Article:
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Showing content with the highest reputation on 12/15/2009 in all areas

  1. 2 points
    A few years ago I started putting together a graphic novel comic story born from many different sources including this forum... Thread regarding the first book. Thread regarding book 2 Ultimately the story is going to take a total of four books to complete. Book 3 is finished and in the process of going to the printer. Here's the cover if you're interested and/or curious That being said, I decided to embrace Creative Commons and make the first 2 volumes available in their entirety in a single PDF to read and distribute freely. http://edpiskor.com/wizzywig_volume1_and_2.zip I appreciate everybody who picked up the books in the past. You're interest has made finishing the rest of the story possible!
  2. 1 point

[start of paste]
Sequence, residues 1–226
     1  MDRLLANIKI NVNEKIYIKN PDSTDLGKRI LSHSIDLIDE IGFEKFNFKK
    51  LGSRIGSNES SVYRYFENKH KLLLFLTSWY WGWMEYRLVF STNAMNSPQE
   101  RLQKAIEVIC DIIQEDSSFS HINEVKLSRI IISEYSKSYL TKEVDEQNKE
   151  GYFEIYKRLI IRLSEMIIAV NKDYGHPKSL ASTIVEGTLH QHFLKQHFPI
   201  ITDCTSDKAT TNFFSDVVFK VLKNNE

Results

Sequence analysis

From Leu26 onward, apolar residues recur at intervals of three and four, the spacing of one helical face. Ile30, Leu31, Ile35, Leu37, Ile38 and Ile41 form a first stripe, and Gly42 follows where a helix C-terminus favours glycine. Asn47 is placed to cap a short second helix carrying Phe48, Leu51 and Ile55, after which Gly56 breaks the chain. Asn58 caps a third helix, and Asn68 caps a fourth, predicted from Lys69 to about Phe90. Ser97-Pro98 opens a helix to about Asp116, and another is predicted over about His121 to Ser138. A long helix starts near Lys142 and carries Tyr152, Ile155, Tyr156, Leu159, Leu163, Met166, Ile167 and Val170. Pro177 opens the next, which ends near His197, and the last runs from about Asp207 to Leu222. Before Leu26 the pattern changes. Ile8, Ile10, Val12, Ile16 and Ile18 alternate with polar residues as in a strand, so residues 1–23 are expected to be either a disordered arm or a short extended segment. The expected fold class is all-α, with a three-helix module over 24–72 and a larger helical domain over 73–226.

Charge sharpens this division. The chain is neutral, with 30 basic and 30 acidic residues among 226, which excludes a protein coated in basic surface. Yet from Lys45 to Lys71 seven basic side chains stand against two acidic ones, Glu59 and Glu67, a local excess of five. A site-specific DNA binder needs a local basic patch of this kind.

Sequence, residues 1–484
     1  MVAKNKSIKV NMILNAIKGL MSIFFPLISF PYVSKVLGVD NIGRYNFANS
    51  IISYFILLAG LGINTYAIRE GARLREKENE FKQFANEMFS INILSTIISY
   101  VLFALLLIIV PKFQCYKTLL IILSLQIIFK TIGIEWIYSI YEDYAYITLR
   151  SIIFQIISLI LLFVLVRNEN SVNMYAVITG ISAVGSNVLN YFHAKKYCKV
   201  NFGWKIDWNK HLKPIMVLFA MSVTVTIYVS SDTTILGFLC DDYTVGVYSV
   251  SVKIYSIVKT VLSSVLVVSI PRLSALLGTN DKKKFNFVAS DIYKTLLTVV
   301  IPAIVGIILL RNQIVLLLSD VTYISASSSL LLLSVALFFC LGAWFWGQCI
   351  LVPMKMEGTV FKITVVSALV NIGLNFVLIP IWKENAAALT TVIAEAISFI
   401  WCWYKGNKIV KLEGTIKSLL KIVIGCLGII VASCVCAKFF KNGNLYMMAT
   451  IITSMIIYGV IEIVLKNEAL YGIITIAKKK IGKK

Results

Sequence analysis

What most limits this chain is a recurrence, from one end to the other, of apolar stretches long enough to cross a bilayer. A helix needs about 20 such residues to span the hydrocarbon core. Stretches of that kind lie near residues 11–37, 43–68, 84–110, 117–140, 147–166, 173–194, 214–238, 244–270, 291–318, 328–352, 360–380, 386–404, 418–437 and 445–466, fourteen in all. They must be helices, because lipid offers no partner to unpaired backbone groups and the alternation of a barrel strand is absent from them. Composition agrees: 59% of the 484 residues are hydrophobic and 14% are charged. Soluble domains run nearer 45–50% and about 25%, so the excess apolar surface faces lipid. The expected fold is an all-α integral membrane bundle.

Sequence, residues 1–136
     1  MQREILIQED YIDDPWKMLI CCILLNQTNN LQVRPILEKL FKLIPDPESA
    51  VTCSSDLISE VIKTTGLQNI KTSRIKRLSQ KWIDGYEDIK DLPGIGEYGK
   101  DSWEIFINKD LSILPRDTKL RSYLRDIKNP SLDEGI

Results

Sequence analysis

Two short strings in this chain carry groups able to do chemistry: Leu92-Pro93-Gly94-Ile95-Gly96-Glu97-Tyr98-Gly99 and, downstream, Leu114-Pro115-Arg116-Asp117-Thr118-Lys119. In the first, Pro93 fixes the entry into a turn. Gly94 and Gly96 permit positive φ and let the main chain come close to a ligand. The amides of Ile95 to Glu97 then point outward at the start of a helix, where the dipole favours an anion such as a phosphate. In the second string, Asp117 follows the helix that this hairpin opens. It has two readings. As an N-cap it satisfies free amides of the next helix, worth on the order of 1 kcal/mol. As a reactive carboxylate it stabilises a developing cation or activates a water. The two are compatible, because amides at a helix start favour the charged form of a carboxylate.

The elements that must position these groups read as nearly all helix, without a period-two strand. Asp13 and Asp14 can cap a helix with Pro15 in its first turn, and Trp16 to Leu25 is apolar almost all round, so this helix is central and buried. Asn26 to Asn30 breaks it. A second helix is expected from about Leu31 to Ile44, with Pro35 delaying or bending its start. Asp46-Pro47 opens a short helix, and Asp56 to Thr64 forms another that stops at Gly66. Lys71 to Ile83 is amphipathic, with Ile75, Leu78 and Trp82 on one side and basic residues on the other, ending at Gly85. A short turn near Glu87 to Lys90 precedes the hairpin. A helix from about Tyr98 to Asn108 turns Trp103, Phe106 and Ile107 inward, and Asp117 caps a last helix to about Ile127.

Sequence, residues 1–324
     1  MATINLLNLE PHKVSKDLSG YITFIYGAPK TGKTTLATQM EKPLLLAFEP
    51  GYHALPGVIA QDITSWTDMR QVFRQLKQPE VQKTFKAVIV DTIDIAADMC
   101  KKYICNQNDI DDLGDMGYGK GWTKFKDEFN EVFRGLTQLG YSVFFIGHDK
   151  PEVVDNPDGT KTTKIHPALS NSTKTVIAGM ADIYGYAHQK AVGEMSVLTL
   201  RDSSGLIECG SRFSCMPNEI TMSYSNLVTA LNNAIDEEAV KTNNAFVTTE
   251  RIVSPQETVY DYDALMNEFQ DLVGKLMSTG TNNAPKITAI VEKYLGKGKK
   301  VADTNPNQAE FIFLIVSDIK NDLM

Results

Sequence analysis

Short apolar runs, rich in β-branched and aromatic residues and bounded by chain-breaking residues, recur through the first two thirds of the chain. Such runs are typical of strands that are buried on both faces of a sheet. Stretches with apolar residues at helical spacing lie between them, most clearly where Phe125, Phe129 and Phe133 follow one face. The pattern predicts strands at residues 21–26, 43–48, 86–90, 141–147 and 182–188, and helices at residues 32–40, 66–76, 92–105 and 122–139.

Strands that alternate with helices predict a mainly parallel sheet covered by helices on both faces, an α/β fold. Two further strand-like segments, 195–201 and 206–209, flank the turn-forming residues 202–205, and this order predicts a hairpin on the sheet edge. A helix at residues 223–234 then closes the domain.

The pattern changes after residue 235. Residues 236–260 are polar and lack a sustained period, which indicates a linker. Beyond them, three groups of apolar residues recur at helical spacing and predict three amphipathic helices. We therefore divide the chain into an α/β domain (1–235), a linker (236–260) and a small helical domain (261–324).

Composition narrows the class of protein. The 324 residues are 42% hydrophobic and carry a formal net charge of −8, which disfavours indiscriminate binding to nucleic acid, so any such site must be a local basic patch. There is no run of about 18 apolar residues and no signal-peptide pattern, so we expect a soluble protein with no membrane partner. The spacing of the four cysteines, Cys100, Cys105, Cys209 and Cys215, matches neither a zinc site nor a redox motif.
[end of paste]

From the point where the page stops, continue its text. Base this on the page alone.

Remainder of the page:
Hey, long time no post, I'm working on a little project and I could use your help... So I've been trying to create a program in C to decode the stored passwords that Firefox offers to store for you. Right now I am in the research phase of my project, and I'm trying to figure out the encryption technique that Firefox uses to encrypt its stored passwords. The stored passwords, in Windows, are stored at C:\Docume~1\<your username here>\Applic~1\Mozilla\Firefox\Profiles\<some number>.default\signons2.txt this file looks something like this: #2d http://www.spine-health.com https://www.google.com https://my.screenname.aol.com http://www.bluebottle.com . https://secure-web8.secondlife.com form[lastname] XXXXXXXXXXXXXXXXXXXXXXXXXXXXXXXXXXXXXXX== *form[password] XXXXXXXXXXXXXXXXXXXXXXXXXXXXXXXXXXXXXXXX https://secure-web8.secondlife.com . https://login.facebook.com XXXXXXXXXXXXXXXXXXXXXXXXXXXXXXXXXXXXXXXX== *pass XXXXXXXXXXXXXXXXXXXXXXXXXXXXXXXXXXXXXXXX https://login.facebook.com . The == at the end of some of the strings tells me that they are most probably base64 encoded. However, looking at the Firefox source which deals with encoding the passwords in the password manager, located at <wherever you have the Firefox source saved>\mozilla-1.9.1\toolkit\components\passwordmgr\src\storage-mozStorage.js The helpful code appears to be: /* * _addLogin * * Private function wrapping core addLogin functionality. */ _addLogin : function (login, isEncrypted) { let userCanceled, encUsername, encPassword; // Throws if there are bogus values. this._checkLoginValues(login); if (isEncrypted) { [encUsername, encPassword] = [login.username, login.password]; } else { // Get the encrypted value of the username and password. [encUsername, encPassword, userCanceled] = this._encryptLogin(login); if (userCanceled) throw "User canceled master password entry, login not added."; } // Clone the login, so we don't modify the caller's object. let loginClone = login.clone(); // Initialize the nsILoginMetaInfo fields, unless the caller gave us values loginClone.QueryInterface(Ci.nsILoginMetaInfo); if (loginClone.guid) { if (!this._isGuidUnique(loginClone.guid)) throw "specified GUID already exists"; } else { loginClone.guid = this._uuidService.generateUUID().toString(); } // Determine encryption type let encType = ENCTYPE_SDR; if (isEncrypted && (encUsername.charAt(0) == '~' || encPassword.charAt(0) == '~')) encType = ENCTYPE_BASE64; let query = "INSERT INTO moz_logins " + "(hostname, httpRealm, formSubmitURL, usernameField, " + "passwordField, encryptedUsername, encryptedPassword, " + "guid, encType) " + "VALUES (:hostname, :httpRealm, :formSubmitURL, :usernameField, " + ":passwordField, :encryptedUsername, :encryptedPassword, " + ":guid, :encType)"; let params = { hostname: loginClone.hostname, httpRealm: loginClone.httpRealm, formSubmitURL: loginClone.formSubmitURL, usernameField: loginClone.usernameField, passwordField: loginClone.passwordField, encryptedUsername: , encryptedPassword: encPassword, guid: loginClone.guid, encType: encType }; let stmt; try { stmt = this._dbCreateStatement(query, params); stmt.execute(); } catch (e) { this.log("_addLogin failed: " + e.name + " : " + e.message); throw "Couldn't write to database, login not added."; } finally { stmt.reset(); } // Send a notification that a login was added. if (!isEncrypted) this._sendNotification("addLogin", loginClone); }, More specifically, // Determine encryption type let encType = ENCTYPE_SDR; if (isEncrypted && (encUsername.charAt(0) == '~' || encPassword.charAt(0) == '~')) encType = ENCTYPE_BASE64; Makes it appear like there might be multiple types of encryption. Furthermore, passing some of the encrypted values in my signons2.txt file that appear to be base64 encoded (the strings ending in ==) to an online base64 encryption/decryption service (http://www5.rptea.com/base64/base64.aspx) gives garbage data as output. Looking through the code some more yields the following function: _decrypt : function (cipherText) { let plainText = null, userCanceled = false; try { let plainOctet; if (cipherText.charAt(0) == '~') { // The old Wallet file format obscured entries by // base64-encoding them. These entries are signaled by a // leading '~' character. plainOctet = atob(cipherText.substring(1)); } else { plainOctet = this._decoderRing.decryptString(cipherText); } plainText = this._utfConverter.ConvertToUnicode(plainOctet); } catch (e) { this.log("Failed to decrypt string: " + cipherText + " (" + e.name + ")"); // In the unlikely event the converter threw, reset it. this._utfConverterReset(); // If the user clicks Cancel, we get NS_ERROR_NOT_AVAILABLE. // If the cipherText is bad / wrong key, we get NS_ERROR_FAILURE // Wrong passwords are handled by the decoderRing reprompting; // we get no notification. if (e.result == Components.results.NS_ERROR_NOT_AVAILABLE) userCanceled = true; } return [plainText, userCanceled]; }, As can be seen above, according to the source, strings that are base64 encoded are started with a ~, while strings that are ciphered by the decoderRing.decryptString() function are not. The decoderRing function is: __decoderRing : null, // nsSecretDecoderRing service get _decoderRing() { if (!this.__decoderRing) this.__decoderRing = Cc["@mozilla.org/security/sdr;1"]. getService(Ci.nsISecretDecoderRing); return this.__decoderRing; }, This is as far as I've gotten. I'm mainly a C programmer, so all this Java is unfamiliar to me, though I can figure most of it out. What I'm trying to do is figure out how decoderRing.decryptString() works, I can't find the actual function, the only function I can find that has anything to do with it is the above. Can you guys give me a few tips? Attached is the decompiled storage-mozStorage.js file (Now saved as a text file) storage-mozStorage.txt